Angle of rotation problems can come up in several NCEES FE Exams: Civil, Mechanical, and Other Disciplines. In mathematics, the angle of rotation is a measurement of the amount, of namely angle, that a figure is rotated about a fixed point, often the center of a circle.
A clockwise rotation is considered a negative rotation, so that, for instance, a rotation of 310 degrees (counter clockwise) can also be called a rotation of negative 50° (since 310 degrees + 50 degrees = 360 degrees, a full rotation ( or turn)).
A counter clockwise rotation of more than one complete turn is normally measured modjulo 360 degrees, meaning that 360 degrees is subtracted off as many times as possible to leave a non-negative measurement less than 360 degrees.
Before I move ahead, let me remind you that the FE EXAM or fundamentals of engineering – is the first step to getting your professional engineering license, and through the videos on this channel, including this one, you will learn not only how to properly prepare for the exam, but how to ensure you PASS THE FE EXAM!
Subscribe to our YouTube channel here, as our weekly videos will help you Pass the FE Exam. Leave your FE questions in the comments below and we will answer them in future videos.
This sample problem has been provided to us by PrepFE.
PrepFE is one of the most effective FE exam self-study prep services out there and happens to be one of the most affordable too. PrepFE is an app that gives you access to countless sample FE problems to bolster your self study efforts. You can visit www.prepfe.com/redeem and use the discount code in the description of this video to receive 10% off and get some great FE practice problems.
So Here’s the Problem:
Find the Explanation Given Below:
Refer to the Mohr’s Circle section in the Mechanics of Materials chapter of the FE Reference Handbook.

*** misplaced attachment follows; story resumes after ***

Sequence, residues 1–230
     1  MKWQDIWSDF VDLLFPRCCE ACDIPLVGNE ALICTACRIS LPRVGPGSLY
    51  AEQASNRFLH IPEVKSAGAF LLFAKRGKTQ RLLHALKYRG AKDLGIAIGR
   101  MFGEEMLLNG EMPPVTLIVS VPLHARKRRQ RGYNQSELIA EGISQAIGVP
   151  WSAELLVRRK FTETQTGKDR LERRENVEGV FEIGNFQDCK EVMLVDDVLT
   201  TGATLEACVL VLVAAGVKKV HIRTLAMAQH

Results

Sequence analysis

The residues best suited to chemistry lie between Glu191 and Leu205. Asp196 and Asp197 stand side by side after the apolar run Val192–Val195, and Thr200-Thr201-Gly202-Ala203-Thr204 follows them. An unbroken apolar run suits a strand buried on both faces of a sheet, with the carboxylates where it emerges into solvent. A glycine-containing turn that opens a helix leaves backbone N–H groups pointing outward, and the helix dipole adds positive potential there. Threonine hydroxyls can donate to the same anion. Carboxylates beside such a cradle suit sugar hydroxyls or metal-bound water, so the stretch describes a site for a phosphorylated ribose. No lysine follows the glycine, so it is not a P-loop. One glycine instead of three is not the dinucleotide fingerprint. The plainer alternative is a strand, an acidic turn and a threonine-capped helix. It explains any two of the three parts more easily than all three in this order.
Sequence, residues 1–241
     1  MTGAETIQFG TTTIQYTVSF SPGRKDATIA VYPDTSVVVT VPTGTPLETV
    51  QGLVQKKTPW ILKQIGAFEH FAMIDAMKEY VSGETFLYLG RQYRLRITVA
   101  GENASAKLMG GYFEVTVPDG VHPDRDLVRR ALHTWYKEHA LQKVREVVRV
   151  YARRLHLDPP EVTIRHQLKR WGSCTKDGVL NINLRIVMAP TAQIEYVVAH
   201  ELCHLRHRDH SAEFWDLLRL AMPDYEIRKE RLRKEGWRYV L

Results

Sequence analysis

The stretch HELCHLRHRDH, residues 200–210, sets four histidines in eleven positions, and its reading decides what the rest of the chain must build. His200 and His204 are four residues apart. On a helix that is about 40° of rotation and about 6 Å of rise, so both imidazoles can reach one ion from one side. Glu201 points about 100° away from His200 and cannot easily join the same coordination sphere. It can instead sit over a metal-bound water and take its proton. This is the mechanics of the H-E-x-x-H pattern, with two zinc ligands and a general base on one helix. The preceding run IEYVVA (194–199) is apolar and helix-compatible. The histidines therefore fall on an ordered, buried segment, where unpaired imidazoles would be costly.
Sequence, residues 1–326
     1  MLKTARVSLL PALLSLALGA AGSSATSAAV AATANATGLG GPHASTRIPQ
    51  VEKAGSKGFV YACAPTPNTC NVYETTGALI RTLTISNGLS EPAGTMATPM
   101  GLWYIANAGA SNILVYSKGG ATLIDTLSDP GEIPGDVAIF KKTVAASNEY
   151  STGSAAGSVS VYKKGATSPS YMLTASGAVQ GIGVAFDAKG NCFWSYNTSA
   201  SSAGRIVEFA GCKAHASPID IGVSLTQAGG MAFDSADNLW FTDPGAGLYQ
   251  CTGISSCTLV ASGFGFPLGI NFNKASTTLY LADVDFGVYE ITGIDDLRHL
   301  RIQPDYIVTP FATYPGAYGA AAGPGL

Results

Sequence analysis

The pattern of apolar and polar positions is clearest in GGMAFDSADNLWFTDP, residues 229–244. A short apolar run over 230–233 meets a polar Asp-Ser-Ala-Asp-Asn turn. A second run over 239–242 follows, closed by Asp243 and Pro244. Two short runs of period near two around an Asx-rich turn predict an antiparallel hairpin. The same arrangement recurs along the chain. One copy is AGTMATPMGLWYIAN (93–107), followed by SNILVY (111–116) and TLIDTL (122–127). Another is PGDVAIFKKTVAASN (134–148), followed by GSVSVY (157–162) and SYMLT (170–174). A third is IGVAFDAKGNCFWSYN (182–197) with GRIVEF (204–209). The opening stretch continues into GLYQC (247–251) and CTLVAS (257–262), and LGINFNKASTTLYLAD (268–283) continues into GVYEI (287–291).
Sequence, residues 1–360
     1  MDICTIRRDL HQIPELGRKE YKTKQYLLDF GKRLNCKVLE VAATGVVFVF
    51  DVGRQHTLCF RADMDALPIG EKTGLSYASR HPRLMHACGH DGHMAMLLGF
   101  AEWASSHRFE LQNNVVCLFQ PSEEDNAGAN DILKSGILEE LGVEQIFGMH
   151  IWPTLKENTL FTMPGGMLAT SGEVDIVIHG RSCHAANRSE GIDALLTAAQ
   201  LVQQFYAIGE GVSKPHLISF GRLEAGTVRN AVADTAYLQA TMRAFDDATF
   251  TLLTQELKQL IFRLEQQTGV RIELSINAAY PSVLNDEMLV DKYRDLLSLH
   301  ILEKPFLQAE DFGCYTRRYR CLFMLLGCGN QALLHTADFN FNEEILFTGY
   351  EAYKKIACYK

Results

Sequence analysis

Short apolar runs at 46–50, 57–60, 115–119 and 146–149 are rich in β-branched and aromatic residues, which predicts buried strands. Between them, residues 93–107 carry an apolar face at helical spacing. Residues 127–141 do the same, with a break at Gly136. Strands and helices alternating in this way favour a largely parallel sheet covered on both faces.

Ultimately, we must determine the angle rotation needed to get the stress element to a principal stress state.
Steps To Determine the Angle of Rotation Needed:
- Draw a quick Mohr’s circle based on what’s shown in the stress element.
- Draw a right triangle from the center of the Mohr’s circle to a known point along the circle. Determine the Mohr’s circle’s angle between the known point and the sigma axis (x-axis), which is where the principal stress occurs. That will be the Mohr’s circle rotation angle needed to get to a principal stress state.
- Convert the Mohr’s circle’s rotation angle needed to get to a principal stress state to the stress element’s angle needed to get to a principal stress state.
The correct answer is D.
I hope you found this week’s video helpful. In upcoming videos, I will share some more studying strategies and also cover some more problems including engineering economics practice problems.
We publish videos weekly on our Pass the FE Exam YouTube Channel. Be sure to visit our page here and click the subscribe button as you’ll get expert tips and tricks each week – to ensure your best success – that you can’t get anywhere else. Believe me, you won’t want to miss a single video.
Lastly, I encourage you to ask questions in the comments of the videos or here on this page and I’ll read and respond to them in future videos. So, if there’s a specific topic you want me to cover or answer, we have you covered.
I’ll see you next week.
Anthony Fasano, P.E.
Engineering Management Institute
Author of Engineer Your Own Success